An app created by the Canadian based creators of Blackberry, Research In Motion, has recently been pulled off the company's online store after a formal request from four U.S. senators.
Known as the " DUI app," it allows users to pinpoint the exact locations of local police checkpoints using GPS. The apps also locate traffic cameras and speed traps.
Web applications like these, however, are gaining widespread attention by law enforcement and legislative officials across the country.
Senators Harry Reid, D-Nevada; Charles Schumer, D-New York; Frank Lautenberg, D-New Jersey and Tom Udall, D-New Mexico collectively wrote a letter to the company asking that the app and others like it be removed from the company's online store because of the potential for users to evade law enforcement and the risk that drunk driving accidents could increase as a result of these programs.
During a hearing for the new Senate subcommittee on privacy in technology, Senator Schumer specifically argued that these apps "endanger public safety by allowing drunk drivers to avoid police checkpoints."
The letter did not name any app specifically but generally referred to a number of apps they felt were inappropriate. Some of the mentioned features in the letter included one app which had a database of all DUI checkpoints in real time and has over 10 million users.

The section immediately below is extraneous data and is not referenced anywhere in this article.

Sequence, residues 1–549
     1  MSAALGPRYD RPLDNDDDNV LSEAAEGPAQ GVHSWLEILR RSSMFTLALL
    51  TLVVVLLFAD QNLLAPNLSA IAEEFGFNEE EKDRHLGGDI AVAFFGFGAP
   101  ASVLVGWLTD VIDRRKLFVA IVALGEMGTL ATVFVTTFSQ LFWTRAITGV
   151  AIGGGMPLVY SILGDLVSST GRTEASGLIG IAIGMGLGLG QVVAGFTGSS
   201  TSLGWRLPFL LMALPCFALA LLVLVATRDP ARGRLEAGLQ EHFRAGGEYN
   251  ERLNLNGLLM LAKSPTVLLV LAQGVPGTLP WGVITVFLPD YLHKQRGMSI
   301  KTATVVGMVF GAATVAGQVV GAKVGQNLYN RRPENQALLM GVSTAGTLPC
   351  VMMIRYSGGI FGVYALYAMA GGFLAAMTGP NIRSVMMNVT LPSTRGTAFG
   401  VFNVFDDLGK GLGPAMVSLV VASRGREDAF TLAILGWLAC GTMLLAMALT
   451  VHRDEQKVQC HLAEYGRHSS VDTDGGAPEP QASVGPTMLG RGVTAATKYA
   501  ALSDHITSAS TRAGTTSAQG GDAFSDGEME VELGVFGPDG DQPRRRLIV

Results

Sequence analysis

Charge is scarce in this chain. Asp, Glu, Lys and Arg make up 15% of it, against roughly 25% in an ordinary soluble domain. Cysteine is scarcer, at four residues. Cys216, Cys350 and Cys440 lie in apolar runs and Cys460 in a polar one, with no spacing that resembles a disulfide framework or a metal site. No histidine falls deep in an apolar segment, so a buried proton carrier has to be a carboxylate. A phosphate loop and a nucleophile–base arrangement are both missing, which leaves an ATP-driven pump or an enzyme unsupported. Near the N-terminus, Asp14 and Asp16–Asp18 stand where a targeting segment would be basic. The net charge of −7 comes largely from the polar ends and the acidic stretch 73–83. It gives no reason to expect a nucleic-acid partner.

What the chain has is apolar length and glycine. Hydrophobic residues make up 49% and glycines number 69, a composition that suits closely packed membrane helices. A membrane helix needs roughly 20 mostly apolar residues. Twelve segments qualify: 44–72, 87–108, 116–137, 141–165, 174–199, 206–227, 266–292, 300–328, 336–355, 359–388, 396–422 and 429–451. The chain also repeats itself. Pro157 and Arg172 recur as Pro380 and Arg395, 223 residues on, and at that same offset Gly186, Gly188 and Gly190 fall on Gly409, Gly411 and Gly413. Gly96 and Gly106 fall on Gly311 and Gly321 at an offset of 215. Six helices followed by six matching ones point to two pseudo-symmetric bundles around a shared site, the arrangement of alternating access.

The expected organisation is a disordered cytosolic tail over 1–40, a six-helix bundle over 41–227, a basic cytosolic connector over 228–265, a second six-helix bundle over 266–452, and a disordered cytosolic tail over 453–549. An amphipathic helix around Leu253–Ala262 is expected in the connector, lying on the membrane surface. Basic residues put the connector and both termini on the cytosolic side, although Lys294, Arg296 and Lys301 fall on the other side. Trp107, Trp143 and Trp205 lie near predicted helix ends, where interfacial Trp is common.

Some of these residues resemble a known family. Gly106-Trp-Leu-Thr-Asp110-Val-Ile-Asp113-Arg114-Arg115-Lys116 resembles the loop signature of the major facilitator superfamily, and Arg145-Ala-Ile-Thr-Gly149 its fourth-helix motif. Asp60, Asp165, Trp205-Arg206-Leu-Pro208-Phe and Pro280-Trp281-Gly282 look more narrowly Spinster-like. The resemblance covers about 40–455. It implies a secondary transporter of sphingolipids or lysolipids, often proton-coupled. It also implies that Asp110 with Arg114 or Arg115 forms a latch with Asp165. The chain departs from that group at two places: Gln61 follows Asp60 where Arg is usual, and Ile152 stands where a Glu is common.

The senators also asked RIM, Apple and Google to stop selling and distributing the app.
Apps Offer Other Helpful Services
While officials are quick to point out the so-called dangers associated with these Web applications, many of these apps provide services to users other than the location of a DUI checkpoint. Taxi finder features that allow you to find a quick cab and red-light cameras that help drivers from driving recklessly through lights are helpful facets that come with these apps.
Further, some say, the argument that these DUI apps allow users to evade law enforcement doesn't hold up.
During a hearing in front of the Senate Judiciary subcommittee on privacy and technology, Guy Tribble, Apple's vice President for Software Technology, made a good point. He said that law enforcement officials everywhere already make DUI checkpoint locations public. Whether it's via Facebook or other public domain, the Indiana Police Department, Cleveland Ohio Police and Los Angeles Police Department have all notified the public of particular DUI checkpoint locations in the past.
Future of DUI Apps
Last month, RIM is the only company that has complied with the senators' request and removed these applications from their online store.
Google and Apple have committed to responding to Congress on the issue of whether they have violated specific provisions of their terms of service.